Rudy’s performance in Doha confirmed that he has gotten much better at competing at championship-caliber meets. It also revealed the next hurdle he has to overcome if he wants to contend for a World or Olympic medal.
Unable to match his prelim distance in the finals, he finished eleventh with a best of 75.20m. Rudy attributed his drop-off to one, being tired after having given his all in the previous day’s prelims and two, letting himself get a bit too excited.
“I was going after throws a little too hard,” he said in retrospect, “instead of just doing what I did the day before.”
It is likely that no thrower in the world gained more experience in 2019 than Laulauga Tausaga. Her IAAF profile lists her first competition of the year as having taken place on January 11. That was an indoor meet at the University of Iowa where she was just beginning her junior season, which would not end until ten months later with the women’s discus final in Doha.
Like Rudy Winkler, Lagi launched a PB in the prelims at Doha, reaching 63.94m in the second round. Unlike Rudy, Lagi had never before competed in an Olympics or World Championships.
Luckily, she is a quick learner and competing in the USA v. Europe match in Belarus in September provided her with some valuable experience that she put to use at Worlds.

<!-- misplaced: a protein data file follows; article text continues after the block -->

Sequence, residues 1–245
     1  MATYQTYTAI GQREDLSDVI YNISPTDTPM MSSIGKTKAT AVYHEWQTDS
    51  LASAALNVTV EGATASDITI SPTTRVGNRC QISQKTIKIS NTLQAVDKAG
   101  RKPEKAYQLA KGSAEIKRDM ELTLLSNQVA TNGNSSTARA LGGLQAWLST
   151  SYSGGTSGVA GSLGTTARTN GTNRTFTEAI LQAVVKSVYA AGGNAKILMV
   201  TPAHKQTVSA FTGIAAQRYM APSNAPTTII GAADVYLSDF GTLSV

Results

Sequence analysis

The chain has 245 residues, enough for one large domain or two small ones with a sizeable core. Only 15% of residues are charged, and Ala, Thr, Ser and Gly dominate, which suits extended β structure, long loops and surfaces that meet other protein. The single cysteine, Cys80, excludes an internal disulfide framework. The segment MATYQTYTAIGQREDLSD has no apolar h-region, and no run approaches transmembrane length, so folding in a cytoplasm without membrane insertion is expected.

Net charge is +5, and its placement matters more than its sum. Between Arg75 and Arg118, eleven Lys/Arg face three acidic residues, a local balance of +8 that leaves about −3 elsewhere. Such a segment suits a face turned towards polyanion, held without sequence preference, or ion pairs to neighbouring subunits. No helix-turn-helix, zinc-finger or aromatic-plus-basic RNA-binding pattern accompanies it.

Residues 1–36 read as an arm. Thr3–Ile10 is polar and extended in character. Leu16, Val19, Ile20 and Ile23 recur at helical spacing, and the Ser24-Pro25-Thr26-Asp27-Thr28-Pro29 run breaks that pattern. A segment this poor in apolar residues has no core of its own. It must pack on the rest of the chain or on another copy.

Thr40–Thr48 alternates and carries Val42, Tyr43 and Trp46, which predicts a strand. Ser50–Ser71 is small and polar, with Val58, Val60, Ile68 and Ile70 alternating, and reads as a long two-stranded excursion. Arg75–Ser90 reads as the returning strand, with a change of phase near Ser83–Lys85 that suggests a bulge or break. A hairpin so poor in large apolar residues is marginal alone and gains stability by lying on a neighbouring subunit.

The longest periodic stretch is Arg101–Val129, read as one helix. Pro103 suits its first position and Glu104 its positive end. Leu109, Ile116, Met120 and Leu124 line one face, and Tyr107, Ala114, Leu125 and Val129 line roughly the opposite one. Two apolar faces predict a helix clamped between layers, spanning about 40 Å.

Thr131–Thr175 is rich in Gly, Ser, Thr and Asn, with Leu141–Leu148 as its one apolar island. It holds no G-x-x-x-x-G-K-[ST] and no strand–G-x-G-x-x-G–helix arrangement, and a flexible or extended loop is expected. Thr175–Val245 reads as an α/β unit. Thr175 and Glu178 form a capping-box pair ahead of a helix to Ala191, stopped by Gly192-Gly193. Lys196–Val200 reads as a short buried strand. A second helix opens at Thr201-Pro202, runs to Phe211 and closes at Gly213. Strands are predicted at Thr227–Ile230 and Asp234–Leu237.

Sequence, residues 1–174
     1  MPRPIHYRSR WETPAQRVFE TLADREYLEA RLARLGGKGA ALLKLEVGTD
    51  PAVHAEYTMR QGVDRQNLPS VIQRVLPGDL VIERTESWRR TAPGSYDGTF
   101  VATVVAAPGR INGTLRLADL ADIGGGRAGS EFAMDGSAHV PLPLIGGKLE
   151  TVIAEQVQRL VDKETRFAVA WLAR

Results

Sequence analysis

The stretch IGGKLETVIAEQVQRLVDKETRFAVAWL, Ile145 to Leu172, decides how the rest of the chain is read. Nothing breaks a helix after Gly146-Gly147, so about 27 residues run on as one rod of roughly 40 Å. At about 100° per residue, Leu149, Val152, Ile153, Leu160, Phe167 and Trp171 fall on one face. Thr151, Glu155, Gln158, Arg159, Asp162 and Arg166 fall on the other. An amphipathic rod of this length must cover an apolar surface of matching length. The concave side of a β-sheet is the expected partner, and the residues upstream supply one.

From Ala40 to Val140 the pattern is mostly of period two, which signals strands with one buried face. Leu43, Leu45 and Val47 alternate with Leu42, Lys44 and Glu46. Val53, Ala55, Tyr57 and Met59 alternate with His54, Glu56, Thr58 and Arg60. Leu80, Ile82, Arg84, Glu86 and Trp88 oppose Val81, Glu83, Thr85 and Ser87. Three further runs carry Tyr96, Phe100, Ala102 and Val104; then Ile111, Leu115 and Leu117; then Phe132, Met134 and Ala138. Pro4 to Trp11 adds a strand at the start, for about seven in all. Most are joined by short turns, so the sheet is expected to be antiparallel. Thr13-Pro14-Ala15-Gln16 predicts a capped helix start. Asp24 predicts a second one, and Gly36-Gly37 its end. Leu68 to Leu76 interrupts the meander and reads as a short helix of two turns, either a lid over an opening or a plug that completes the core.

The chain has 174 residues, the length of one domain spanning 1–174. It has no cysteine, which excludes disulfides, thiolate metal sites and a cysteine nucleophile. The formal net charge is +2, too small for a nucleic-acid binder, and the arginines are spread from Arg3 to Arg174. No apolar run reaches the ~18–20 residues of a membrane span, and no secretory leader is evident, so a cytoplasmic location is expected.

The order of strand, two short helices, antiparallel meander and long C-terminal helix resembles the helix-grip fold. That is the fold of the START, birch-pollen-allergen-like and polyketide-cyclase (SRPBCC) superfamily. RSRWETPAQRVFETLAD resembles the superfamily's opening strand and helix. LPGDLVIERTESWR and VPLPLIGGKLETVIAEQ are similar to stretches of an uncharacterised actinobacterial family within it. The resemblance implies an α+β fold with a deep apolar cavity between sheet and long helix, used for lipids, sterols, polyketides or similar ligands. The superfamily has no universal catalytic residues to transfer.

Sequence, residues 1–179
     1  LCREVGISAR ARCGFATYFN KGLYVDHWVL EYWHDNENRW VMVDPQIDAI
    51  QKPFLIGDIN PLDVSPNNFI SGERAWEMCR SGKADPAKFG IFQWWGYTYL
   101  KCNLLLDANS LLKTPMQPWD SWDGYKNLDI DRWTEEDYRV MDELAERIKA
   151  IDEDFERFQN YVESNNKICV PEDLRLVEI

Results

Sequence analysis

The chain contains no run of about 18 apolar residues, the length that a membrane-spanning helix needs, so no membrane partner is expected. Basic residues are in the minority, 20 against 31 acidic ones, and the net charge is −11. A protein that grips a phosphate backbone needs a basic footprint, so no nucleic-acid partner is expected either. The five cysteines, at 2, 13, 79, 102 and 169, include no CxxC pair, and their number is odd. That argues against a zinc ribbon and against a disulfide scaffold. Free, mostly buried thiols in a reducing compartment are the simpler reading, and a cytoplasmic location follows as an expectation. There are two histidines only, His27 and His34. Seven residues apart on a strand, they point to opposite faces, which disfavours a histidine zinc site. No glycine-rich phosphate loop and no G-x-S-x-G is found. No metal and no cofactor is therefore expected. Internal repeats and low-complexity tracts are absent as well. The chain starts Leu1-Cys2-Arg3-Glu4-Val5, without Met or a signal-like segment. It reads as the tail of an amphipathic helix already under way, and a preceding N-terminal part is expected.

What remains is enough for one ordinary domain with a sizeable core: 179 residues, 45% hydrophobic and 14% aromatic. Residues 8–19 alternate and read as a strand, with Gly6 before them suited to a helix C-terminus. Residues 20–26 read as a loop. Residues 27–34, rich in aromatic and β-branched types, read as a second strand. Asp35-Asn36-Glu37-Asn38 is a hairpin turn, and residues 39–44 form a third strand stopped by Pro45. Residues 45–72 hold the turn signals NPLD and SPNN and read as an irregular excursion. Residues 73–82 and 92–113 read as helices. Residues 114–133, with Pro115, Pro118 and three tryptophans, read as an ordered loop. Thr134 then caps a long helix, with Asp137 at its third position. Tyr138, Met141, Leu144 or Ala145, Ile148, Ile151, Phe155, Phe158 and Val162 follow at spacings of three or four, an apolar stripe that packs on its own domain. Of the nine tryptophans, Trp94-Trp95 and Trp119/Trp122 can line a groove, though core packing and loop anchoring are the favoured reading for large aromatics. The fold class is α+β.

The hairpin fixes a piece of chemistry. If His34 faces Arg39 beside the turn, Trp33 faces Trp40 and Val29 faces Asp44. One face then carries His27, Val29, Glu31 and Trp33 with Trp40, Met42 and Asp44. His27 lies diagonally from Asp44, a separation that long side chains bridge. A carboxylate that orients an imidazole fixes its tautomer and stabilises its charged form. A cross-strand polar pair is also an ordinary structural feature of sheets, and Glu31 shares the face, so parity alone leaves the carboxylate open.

I recently wrote about the challenges presented by the heat and humidity in Doha. On the days they competed, athletes were forced to choose between exposing themselves to 120-degree heat by taking warm-up throws in an outdoor facility next to Khalifa Stadium, or accepting the possibility of having to make due with only two warm-up throws inside the stadium just prior to their flight.
That’s a lot of pressure to put on an athlete as young as Lagi (she turned twenty-one in May), but according to her coach, Eric Werskey, she had taken only a few warm-up tosses in Belarus prior to drilling a 63.71m PB, and that experience gave her the confidence to lay low and avoid wearing herself out in the hours before competing in Doha.
Another aspect of the USA v. Europe meeting that helped prepare Lagi for Worlds was competing against two-time Olympic and two-time World Champion Sandra Perkovic. Though she faced tough competition at the NCAA and US Championships, Lagi had never before gone head-to-head with a thrower of Perkovic’s stature, and as Rudy pointed out, the first time you are around people like that in person it can be hard to maintain one’s focus.
But tossing that PB and finishing second to Sandra in Belarus prepared Lagi well for the Doha “Disneyland.”